Understanding Canine Body Language

Dogs are communicating all the time and rely heavily on body language. Dogs are great observers of us and each other this is why your dog ‘knows’ when you are leaving the house before you’ve even got your shoes on or perhaps when you are upset. Body Language can be characterised by any movement, conscious or otherwise of the body with the purpose of communicating a message. 

We need to look at the Canine Body Language with the view of observing what our dog’s body is doing. We may observe behaviours such as a high tail, a lip lick, the head being held high or the weight distribution being forwards. We are not predicting how the dog is feeling, although we should look at the emotional side of the dog too, we should mainly be focusing on observing what we see. 

Our aim is to look for the smaller or more subtle signals dogs display. It’s about pre-empting behaviour so that we reduce the likelihood of our dogs practising unhelpful behaviour. We also should look at combinations of behaviours at that might give us the bigger picture, where a signal behaviour may only give us a single piece of the jigsaw.

One other thought is where is the dog, how are they interacting with the environment, are they loose or on a lead? If on lead, are they being handled by their own person or someone else, will changing the handler, change the outcome? Will changing the environment change the outcome? Finally let’s think about the equipment the dog is wearing, any piece of equipment will influence the nervous system, so could the equipment the dog is wearing be influencing the behaviour that we are seeing positively or negatively?

We have made you a short video about Canine Body Language that we would love you to watch, click the button below and we will send it to you.

We should always observe our dogs objectively rather than subjectively and the importance of context, duration, combination, repetition, and evaluation. When we observe our own dogs are we making assumptions about them as we know the dogs or are we looking at them in the same way we might look at dogs that are not part of our own family? Tellington TTouch® Instructor Lindy Dekker always talks about looking with a beginners mind and this is something to really try to do when observing your own dogs.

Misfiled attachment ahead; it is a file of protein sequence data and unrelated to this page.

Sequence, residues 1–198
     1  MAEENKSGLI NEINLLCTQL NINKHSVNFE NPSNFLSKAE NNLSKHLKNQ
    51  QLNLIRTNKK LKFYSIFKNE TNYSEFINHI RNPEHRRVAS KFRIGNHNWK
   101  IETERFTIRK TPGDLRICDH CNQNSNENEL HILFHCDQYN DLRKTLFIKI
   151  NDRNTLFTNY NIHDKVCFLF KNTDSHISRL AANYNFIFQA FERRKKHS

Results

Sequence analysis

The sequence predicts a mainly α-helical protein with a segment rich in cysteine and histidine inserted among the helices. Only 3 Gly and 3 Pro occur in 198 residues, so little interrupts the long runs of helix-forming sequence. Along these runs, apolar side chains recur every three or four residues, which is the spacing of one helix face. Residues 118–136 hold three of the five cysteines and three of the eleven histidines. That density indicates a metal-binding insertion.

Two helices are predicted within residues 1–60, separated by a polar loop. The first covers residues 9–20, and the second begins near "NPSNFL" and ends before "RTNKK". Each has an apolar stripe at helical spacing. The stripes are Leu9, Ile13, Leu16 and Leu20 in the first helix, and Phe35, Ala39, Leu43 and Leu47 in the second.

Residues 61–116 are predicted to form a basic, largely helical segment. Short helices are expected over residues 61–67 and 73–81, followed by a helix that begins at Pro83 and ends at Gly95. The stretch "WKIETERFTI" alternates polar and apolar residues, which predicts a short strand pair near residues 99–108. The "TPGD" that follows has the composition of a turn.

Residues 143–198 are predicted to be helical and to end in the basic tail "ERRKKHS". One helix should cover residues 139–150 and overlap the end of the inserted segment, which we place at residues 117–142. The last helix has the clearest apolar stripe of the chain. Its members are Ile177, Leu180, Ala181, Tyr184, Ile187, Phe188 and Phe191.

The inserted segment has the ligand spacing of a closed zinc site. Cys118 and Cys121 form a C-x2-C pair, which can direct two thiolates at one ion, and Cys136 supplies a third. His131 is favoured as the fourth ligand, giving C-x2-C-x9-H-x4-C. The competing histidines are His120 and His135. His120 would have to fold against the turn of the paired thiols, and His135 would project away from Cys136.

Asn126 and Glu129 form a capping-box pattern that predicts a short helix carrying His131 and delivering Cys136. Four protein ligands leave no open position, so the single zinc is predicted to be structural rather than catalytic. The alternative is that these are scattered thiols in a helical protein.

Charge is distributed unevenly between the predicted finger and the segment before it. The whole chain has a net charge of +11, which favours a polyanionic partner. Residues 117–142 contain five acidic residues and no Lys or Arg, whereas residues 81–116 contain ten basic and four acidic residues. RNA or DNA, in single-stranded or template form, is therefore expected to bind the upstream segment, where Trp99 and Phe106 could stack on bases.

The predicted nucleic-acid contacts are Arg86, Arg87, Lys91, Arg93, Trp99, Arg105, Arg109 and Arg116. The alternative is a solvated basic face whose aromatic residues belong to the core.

We can explore the components of the dog individually as well as looking at the dog as a whole. You will notice that when we take this approach almost all the behaviours that we see “could” mean several different things, can we observe without judgment? 

Finally, when studying body language it is useful to look at movement, how do dogs interact with each other? Is this different on lead to off lead? If they are on a collar or a harness? A single connection harness or a two-point harness? Also think about the environment.

Ref: – Dog Training College Canine Body Language Student manual by Leanne McWade and Tellington TTouch® Training

We have made a short video talking about how to observe dogs, complete the form above and we will give you access to this video for free. 

Xtra Dog Training, in conjunction with the Dog Training College offers accredited Canine Body Language courses on Zoom and in person. We are bringing the course to Ipswich on May 1st at 10am

We have made you a short video about Canine Body Language that we would love you to watch, click the button below and we will send it to you.